Generation Y, the Millennials, Tech babies, whatever you decide to title this current generation it is impossible to ignore their technological prowess. The children born from 1978 – 1995 were born into a computerized world. They have been raised with
According to a Pew Internet & America Life Project study teens are more technologically connected now than ever before. Findings state that 87% of kids between ages 12 – 17 use the internet. Up to 51% go online daily. While 45% have cell phones and 38% use those for text messaging and staying in touch with their friends (Lenhart, Madden, & Hitlin, 2005). What this study demonstrates is that
Colleges have jumped on board to keep this generation of students focused and motivated in classes. At Brown University instructors are using a tool called a “clicker” to generate responses from their student population. A clicker is similar to a TV remote control; however when a student selects their answer the answer is directed to the instructor’s computer at the front of the class. Student’s responses are immediately generated and a compilation of the entire classroom’s answers then creates a ‘results chart’ for the instructor to use as a basis for a current and real-time discussion with the class. The
As recent as 5 years ago in K-12 classrooms around the country teachers resisted computer access for students because they feared what the students might do. “It’s hard to monitor something like that when the student knows more about computers than you do”, states Sue Hall, high school English teacher from Seattle, WA. The move to get teachers more comfortable with computers has been on the agenda for almost a decade now.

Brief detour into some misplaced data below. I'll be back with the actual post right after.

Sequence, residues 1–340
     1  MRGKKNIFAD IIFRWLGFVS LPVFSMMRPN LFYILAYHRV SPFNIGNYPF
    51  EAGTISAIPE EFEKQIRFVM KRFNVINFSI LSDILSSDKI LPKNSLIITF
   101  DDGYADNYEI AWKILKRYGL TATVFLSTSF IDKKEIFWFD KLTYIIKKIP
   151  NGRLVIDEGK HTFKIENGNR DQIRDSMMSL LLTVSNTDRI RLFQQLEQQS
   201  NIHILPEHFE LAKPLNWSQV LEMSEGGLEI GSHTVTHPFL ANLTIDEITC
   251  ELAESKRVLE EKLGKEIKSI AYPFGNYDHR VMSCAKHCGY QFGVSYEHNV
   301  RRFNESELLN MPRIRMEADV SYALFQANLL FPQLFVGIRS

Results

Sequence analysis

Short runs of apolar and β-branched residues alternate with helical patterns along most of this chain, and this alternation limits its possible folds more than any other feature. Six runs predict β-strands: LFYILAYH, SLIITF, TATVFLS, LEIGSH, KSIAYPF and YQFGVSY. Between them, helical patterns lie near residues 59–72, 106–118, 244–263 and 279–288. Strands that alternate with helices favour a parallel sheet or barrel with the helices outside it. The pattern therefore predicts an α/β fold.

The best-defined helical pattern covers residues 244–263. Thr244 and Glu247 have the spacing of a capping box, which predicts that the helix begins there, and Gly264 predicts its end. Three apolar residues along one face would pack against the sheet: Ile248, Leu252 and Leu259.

It appears the younger teachers are more comfortable with
Times are changing. High schools are beginning to go high tech. From online class delivery to issuing student laptops, lower level schools are beginning to catch on to what is reaching their target Generation Y market.
Since 2003 over 1200 schools have implemented pilot programs that issue laptops to their students. Empire High School in Vail, AZ understands there are learning differences that are keeping today’s youth from being more engaged. This school year Empire High opened its doors without any textbooks. The books were replaced with a laptop issued to its 300 students. The community was advised of this new laptop environment prior to the school year commencement and the school is now not only full to capacity but it has a waiting list for entrance.
Now that schools are seemingly catching up with the